BBB - Power button behavior in 05.27 and 05.28 flasher images

I had flashed the 05.28 image to see if the USB hotplug issues I was experiencing had been fixed. Sadly, they had not… However, shortly after, I saw Koen’s repeated comments that 05.27 should be used and 05.28 should NOT be used. So I decided I better follow his advice since he built both images.

I noted that he has deleted the 05.28 flasher image to reinforce the point. Point taken.

I then prepared my 05.27 microSD card and in my SSH session issued ‘shutdown now’ for a graceful shutdown. BBB shuts down nicely. So far so good.

I unplugged the power cable, inserted the microSD card, held down the boot button, and plugged the DC power cable back in. Again, so far, so good.

Wait… no blue power LED.

This has never happened before, so I was puzzled. I tried again, same thing. Then it occurred to me that perhaps I should try the power button. I’ve never tried it before and I hadn’t seen how the updates in the 05.27 and 05.28 images would have affected the power button behavior before the linux kernel had loaded, so I didn’t expect it to work.

But it did. So now I’m more confused.

Unfortunately, I was forced to leave for work before the 05.27 flash concluded so I couldn’t try reflashing once the 05.27 image was flashed to the eMMC to verify that this behavior persisted with a 05.27 image on the eMMC.

Is this expected behavior after the recent patches to support the power button?

As a side note that is peripherally related (power and boot at least), I have noticed that if I have the DC power supply plugged in and I have connected the USB cable to a windows PC, I can’t actually gracefully shutdown using ‘shutdown now’ - the BBB reboots. If the USB cable is not plugged in, this works just fine. So without understanding exactly how the PMIC works (haven’t studied up on that yet) it seems that if VBUS is detected it will boot even if it has just been ‘powered down’ via software control (I2C perhaps? Not sure since I haven’t researched it yet). Is this also expected behavior or is it supposed to completely shut down when both the USB and DC are plugged in just like it does when only DC power is plugged in?

Thanks for the hard work! It’s been a steep learning curve for this windows/*nix workstation guy to figure out the bleeding edge embedded stuff, but I’m enjoying it so far.


That is not the intended behaviour, it is supposed to shutdown when you issue 'shutdown'. I guess we're missing a few register writes to the pmic, this powerbutton stuff is uncharted territory I'm afraid.



Shutdown turns off the PMIC, which is still turned on. Unplugging and plugging back in the DC cable should reset it, assuming that the USB cable i snot plugged in.


Your PC is a Lotus Esprit Turbo.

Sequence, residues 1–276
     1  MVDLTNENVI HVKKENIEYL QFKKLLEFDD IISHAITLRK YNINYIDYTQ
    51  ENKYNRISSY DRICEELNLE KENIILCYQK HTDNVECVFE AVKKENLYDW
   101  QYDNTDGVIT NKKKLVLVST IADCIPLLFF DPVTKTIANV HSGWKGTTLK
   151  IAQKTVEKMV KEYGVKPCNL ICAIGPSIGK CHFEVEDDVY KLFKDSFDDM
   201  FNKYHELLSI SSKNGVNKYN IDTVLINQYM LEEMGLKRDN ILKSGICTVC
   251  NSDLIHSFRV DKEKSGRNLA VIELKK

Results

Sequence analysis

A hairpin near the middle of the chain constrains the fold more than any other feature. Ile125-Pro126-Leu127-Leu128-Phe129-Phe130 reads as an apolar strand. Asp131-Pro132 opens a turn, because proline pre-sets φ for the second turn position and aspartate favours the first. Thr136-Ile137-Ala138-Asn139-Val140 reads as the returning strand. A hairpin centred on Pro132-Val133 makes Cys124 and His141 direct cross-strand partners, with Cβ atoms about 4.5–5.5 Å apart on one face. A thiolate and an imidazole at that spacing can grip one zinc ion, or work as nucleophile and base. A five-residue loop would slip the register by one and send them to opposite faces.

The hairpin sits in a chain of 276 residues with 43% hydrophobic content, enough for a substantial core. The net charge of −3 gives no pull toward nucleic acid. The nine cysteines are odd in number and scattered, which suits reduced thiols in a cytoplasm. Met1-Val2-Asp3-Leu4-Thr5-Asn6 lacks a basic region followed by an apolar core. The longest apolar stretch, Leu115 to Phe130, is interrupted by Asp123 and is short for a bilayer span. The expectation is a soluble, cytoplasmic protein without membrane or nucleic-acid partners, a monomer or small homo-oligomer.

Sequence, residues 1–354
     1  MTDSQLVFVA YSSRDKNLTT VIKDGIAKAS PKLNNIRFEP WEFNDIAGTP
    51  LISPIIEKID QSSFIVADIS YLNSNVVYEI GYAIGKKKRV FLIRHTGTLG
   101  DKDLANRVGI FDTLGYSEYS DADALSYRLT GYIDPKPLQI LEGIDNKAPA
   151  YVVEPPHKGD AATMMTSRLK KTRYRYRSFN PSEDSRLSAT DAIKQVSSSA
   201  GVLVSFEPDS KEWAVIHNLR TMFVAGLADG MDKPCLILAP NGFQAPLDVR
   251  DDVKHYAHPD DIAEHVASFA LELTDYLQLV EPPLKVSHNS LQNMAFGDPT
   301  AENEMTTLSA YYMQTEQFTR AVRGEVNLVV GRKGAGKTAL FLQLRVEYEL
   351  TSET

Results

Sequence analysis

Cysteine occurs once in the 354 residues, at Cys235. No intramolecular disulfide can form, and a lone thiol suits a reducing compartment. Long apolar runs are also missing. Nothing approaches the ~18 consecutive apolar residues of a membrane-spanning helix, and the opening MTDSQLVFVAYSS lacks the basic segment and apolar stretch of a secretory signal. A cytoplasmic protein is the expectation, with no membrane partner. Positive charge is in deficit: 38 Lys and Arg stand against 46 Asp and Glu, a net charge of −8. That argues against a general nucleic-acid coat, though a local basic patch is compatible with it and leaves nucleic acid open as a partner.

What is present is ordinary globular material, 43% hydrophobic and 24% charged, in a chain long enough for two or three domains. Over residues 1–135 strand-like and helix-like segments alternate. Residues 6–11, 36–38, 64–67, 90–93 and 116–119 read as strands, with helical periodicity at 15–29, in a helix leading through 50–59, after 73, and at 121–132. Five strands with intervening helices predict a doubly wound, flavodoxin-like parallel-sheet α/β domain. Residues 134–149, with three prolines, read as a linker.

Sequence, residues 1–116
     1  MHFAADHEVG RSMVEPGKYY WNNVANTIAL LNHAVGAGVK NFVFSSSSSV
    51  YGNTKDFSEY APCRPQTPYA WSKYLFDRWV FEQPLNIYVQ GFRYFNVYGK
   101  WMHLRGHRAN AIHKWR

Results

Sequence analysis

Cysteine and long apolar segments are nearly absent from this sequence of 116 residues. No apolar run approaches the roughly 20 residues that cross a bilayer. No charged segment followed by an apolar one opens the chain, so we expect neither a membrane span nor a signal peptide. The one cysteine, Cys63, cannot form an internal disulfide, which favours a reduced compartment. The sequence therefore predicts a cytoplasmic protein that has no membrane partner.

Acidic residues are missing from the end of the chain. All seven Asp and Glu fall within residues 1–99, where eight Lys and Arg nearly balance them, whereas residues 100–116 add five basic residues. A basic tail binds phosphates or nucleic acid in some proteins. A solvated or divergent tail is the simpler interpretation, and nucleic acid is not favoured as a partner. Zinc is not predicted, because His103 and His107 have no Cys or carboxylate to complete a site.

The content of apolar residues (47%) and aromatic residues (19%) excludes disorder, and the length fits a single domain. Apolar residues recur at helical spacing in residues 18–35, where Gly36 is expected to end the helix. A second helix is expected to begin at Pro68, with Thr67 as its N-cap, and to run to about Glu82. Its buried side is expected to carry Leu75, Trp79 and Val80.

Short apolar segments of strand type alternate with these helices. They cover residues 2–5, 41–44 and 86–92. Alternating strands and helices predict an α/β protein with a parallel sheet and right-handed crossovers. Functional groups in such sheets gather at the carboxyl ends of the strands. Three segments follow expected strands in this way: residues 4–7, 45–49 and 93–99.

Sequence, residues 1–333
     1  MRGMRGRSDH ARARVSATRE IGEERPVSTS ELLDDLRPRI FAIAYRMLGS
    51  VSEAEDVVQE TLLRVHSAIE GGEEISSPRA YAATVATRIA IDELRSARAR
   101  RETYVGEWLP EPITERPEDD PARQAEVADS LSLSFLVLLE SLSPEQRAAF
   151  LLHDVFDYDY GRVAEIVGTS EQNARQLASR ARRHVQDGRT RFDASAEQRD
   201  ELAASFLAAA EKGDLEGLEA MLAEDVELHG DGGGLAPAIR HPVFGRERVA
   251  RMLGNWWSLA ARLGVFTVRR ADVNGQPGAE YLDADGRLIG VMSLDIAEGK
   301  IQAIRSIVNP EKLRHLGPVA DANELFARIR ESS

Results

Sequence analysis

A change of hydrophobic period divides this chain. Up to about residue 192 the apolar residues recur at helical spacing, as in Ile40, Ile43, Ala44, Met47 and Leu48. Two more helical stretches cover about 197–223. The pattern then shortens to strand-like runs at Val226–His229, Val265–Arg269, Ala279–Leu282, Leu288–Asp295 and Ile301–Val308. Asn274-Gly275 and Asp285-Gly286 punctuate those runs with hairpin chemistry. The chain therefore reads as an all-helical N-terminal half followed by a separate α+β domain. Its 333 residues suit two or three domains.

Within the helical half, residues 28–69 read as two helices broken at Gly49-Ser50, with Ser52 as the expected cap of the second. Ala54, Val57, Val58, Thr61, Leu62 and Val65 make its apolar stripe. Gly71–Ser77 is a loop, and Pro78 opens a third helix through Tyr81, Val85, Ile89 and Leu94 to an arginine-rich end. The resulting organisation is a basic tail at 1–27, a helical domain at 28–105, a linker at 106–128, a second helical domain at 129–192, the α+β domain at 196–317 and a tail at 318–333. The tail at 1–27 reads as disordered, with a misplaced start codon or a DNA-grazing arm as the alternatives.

The Beagle is a Prias !

Your PC has a multi core X86 processor and a bunch of RAM. The Bone doesn’t J

the pmic recycles with a change on input power, this is stated on the BB manual. For some reason if you shutdown and leave the usb connected it reboot, i saw this behavior with older images while testing the power button functionality ( after power off commad, pull to grd for a few secs ), maybe the usb bus power is unstable in some way that the pmic detects a rising edge, but thats me guessing


ohh, come on :slight_smile:

CPU speed has nothing to do with extremely slow writing to eMMC.

It does, when the "installer" also has to uncompress the replacement
image while untarring it to the eMMC..

Just for reference, it's taking me about 5-6 minutes "just" to copy
500Mb of target data to the eMMC (this includes a 'sync' call to flush
a buffer).

I believe Angstrom is copying somewhere around 1.5GB, so figure 15 -18
minutes to 'copy' the data, double that for the uncompression stage
and the 40-45 mins makes perfect sense..


and why it needs to uncompress/untar the image (before writing)?
isn’t kernel stored in eMMC in the same format (compressed/tared)?

besides, uncompressing is much faster then compressing, and on 1GHz ARM CPU uncompressing of the image is much faster then writing to the flash memory (thus, uncomressing, if it ever occurs has very little affect on total writing speed).

my uneducated guess: internal write procedure calls sync after every small chunk of data written into flash (and this is what causes a global slow-down).

btw, flashing of debian image (u-boot, kernel, and rootfs) into eMMC takes less then 4.5 minutes (I timed it to 4min 25 sec). Image is from

thus, 55 minutes of flashing Angstrom to eMMC (using the very same Class 10 Micro SD card) is unnecessary slow

To be fair: the Angstrom script, always re-partitions the drive, and
transfers about 1Gb to the eMMC, whereas i cheat by just re-formating
the existing partitions and only transferring 500Mb's, so maybe i save
a little with the partition table, but at-least double the time for
the data size.. I also use "rsync" vs "untar"...

So i'm not sure what's causing the 55 - (5min * 2) : 45 mins of extra stuff...